After Gaddafi, What Comes Next for Libya?

Edward M. Gabriel (Ambassador to Morocco, 1997-2001)


It is important to note that the outcomes in Libya could be more important to the United States than many pundits have predicted, with the Obama Administration implementing a very deft policy in this regard.


President Obama insisted that the NATO assert its leadership, with the United States playing  behind-the-scenes leadership, supply, and technology roles. The President enlisted the endorsement and participation of Arab countries, including Qatar, Morocco, and the United Arab Emirates, among others in this effort, demonstrating an emerging Obama doctrine of utilizing multilateral means to solve contentious foreign policy issues and military engagements.
Events in Libya will also be more strategically important to US interests than previously believed. With the fall of Gaddafi regime, North Africa, except Algeria, has made the irreversible choice of reform and political openness.  And Algeria cannot continue its military autocracy for long under such circumstances. The countries of North Africa are among the most important to Europe, because of geography (Morocco is nine miles from Spain), strategic energy assets, pipelines and electric transmission, the impact of South-North migration, and investments made through the Barcelona Process to incentivize MENA countries most likely to succeed. Morocco was the first to achieve special partner status with the EU, and Tunisia and Egypt are targeted as among the most  important players in the region in terms of reform and strategic importance.


At least four overlapping issues must be addressed in the next year.  Reconciliation is vital among the various opposition parties and between the opposition and regime supporters who must demonstrate their commitment to the new government. A working consensus for action must be found, carefully balancing retribution with reconciliation.


Next is control of the weapons in which Libya is awash and which are spreading throughout the Sahel and into the Maghreb by groups who were mercenaries for Gaddafi. In this regard, the United States and European Union need an inclusive Sahel strategy to address the issue involving the Maghreb,  especially Morocco as it is currently the only government in North Africa that is progressive, stable, and a solid security ally.


Most visibly, the process of enabling a government infrastructure and procedures must be supported by the international community. The Transitional National Council (TNC) has defined a preliminary process beginning with electing a constitutional drafting commission to elections and a new government, all of which should take time and thoughtful analysis and an interim caretaker government.   The needed expertise, resources, and capacity building can come from the international community, including Arab countries, if non-competing and non-contradictory assistance modalities can be established quickly.


The G-8 announced a massive $38 billion plan in this regard for the countries currently undergoing regime change, and smartly added Morocco and Jordan. This insightful decision banks on the potential winners in the region and models for reform, as opposed to past policies that doled out money unconditionally, without rewarding countries implementing successful reforms. Additionally, Morocco and Jordan, in partnership with western countries, can lend their own experiences to their Arab neighbors in reform building measures and the promotion of civil society.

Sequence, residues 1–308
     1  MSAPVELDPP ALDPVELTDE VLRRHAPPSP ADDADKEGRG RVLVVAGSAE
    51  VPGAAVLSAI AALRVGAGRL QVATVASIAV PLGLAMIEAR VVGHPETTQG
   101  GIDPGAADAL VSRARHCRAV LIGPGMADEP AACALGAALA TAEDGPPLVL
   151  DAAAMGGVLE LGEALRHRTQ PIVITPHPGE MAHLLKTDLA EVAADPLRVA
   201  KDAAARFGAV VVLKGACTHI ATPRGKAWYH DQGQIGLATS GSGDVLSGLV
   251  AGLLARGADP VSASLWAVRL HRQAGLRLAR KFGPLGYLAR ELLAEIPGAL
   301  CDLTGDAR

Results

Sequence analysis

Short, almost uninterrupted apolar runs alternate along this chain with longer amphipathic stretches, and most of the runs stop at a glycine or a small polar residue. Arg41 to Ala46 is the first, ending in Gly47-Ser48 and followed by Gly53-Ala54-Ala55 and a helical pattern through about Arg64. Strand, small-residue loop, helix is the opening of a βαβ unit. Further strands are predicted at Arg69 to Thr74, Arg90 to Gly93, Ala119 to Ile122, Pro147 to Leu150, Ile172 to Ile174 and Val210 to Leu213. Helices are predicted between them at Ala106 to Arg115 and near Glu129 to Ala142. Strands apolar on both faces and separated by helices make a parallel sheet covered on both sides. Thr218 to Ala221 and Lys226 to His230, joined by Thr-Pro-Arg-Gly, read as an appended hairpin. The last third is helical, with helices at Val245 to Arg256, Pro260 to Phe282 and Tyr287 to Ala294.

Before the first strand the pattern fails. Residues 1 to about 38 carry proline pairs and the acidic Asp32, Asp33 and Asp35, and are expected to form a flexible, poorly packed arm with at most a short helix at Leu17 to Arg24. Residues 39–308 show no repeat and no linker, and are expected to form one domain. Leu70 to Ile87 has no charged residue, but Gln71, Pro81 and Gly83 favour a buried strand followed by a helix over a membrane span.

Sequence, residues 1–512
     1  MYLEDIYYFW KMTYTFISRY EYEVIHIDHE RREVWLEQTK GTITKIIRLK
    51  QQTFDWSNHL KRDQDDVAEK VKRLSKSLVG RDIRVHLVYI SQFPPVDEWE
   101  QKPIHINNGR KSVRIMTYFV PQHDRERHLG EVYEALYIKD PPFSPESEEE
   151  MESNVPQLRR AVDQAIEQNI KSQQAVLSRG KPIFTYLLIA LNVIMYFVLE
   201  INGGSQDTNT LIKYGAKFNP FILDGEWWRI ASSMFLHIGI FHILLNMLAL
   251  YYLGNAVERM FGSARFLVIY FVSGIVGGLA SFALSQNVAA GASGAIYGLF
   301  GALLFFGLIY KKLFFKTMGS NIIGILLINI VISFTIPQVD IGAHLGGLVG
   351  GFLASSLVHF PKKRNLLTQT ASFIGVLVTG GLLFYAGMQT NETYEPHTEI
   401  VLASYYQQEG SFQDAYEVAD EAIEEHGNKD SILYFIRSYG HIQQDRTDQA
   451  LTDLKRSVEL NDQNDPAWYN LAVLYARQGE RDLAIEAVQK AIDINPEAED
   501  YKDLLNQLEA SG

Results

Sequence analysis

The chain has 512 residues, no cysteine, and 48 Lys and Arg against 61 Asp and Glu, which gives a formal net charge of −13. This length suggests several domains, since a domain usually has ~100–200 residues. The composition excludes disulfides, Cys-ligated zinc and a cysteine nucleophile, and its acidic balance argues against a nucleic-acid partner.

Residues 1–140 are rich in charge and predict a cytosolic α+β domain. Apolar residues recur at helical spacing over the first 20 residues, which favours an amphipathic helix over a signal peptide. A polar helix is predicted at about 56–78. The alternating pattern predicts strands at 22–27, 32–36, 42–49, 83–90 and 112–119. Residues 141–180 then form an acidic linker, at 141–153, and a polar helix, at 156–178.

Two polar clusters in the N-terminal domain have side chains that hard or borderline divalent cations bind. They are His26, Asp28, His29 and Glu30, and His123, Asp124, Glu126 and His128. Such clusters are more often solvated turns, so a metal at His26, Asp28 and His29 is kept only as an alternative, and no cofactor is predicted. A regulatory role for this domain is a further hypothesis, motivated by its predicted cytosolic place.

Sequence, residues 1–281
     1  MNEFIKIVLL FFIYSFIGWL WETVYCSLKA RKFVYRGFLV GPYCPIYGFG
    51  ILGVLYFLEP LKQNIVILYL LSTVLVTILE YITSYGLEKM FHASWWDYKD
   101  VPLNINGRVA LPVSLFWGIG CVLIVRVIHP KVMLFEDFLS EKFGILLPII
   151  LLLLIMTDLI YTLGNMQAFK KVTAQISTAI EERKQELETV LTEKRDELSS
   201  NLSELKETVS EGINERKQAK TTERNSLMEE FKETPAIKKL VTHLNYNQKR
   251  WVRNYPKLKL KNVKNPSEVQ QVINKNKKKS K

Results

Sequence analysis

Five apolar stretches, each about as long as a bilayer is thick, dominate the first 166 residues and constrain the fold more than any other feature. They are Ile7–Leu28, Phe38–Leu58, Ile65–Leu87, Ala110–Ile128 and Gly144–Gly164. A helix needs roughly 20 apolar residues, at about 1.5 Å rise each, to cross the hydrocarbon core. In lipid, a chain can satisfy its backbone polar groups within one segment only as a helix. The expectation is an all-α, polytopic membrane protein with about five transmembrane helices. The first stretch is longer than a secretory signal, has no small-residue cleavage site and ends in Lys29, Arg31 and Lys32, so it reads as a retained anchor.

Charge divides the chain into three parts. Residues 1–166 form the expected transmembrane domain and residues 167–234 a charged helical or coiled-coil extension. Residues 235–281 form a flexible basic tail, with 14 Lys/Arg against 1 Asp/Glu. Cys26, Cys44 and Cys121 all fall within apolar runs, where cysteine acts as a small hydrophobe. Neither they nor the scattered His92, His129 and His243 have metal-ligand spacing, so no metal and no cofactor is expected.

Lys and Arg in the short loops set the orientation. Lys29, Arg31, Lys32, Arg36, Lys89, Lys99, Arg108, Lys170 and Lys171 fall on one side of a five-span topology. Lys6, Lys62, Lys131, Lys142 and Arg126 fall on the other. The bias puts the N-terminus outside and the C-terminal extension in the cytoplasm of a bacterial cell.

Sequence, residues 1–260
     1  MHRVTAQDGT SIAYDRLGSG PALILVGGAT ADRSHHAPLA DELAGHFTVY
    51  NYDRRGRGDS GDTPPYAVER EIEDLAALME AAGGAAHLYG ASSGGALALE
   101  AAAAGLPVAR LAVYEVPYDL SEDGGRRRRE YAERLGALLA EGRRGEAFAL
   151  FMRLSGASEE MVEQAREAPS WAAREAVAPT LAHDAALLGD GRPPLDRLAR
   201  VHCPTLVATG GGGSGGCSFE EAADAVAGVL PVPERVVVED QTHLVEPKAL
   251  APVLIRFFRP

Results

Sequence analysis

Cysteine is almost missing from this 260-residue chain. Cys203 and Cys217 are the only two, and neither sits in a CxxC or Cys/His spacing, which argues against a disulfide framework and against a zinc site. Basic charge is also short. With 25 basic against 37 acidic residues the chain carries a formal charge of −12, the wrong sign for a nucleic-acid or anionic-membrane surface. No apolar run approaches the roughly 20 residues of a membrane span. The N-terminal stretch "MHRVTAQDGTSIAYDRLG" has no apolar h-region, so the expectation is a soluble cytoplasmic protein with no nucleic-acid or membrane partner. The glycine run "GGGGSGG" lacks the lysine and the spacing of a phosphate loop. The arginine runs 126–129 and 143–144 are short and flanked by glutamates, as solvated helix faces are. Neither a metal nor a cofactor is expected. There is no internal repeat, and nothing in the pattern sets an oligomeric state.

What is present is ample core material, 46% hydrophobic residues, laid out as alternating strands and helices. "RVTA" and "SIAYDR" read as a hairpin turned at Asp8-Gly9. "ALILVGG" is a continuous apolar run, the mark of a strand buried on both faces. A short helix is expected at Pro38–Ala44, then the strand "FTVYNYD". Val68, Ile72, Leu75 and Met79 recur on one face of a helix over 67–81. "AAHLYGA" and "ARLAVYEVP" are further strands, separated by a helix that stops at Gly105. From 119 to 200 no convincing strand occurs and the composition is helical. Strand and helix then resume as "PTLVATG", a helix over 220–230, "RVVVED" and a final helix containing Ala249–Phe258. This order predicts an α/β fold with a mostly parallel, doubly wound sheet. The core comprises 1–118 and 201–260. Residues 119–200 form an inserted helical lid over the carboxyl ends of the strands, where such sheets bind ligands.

Finally, economic development must start immediately. Libyans are entrepreneurial people. They will create and restore their internal markets quickly but need to have cooperation from public-private partnerships to generate widespread opportunities for access to products, services, financing, and jobs. Economic strategies must apply to all of Libya as part of the strategy of reconciliation and enabling stability. The United States and the international community have the knowhow and will benefit from new markets. If we don’t do it, the Chinese will. So the maxim of mutual interests supporting mutual values cannot be delayed by conflicts over who are the “special friends” of Libya. And a lesson from Iraq  cannot be ignored—the engine for economic growth should be the Libyan people and companies. It is time to end the role of outside contractors who do not contribute to jobs and opportunities for Libyans.


The United States has announced an innovative policy for North Africa, the US-North Africa Partnership for Economic Opportunity (NAPEO), which assists entrepreneurial and startup companies and intra-regional private sector partnerships to provide stronger economic cooperation, trade, and investment, and political trust across the Maghreb.  As NAPEO expands in 2012, it is a great time to embrace our newest ally and friend, Libya, through this opportunity. Additionally, the US-Morocco Free Trade Agreement is a potential launch pad to channel greater cooperation, investment, and trade among the Maghreb countries.


In summary, I do not know what the future will hold for Libya or North Africa, but I do know there is a small window of opportunity to advance reforms and political openness, if the United States realigns its thinking to involve all actors in the international community in a massive effort, and banks on and rewards countries that have already taken the irreversible path to democratic change.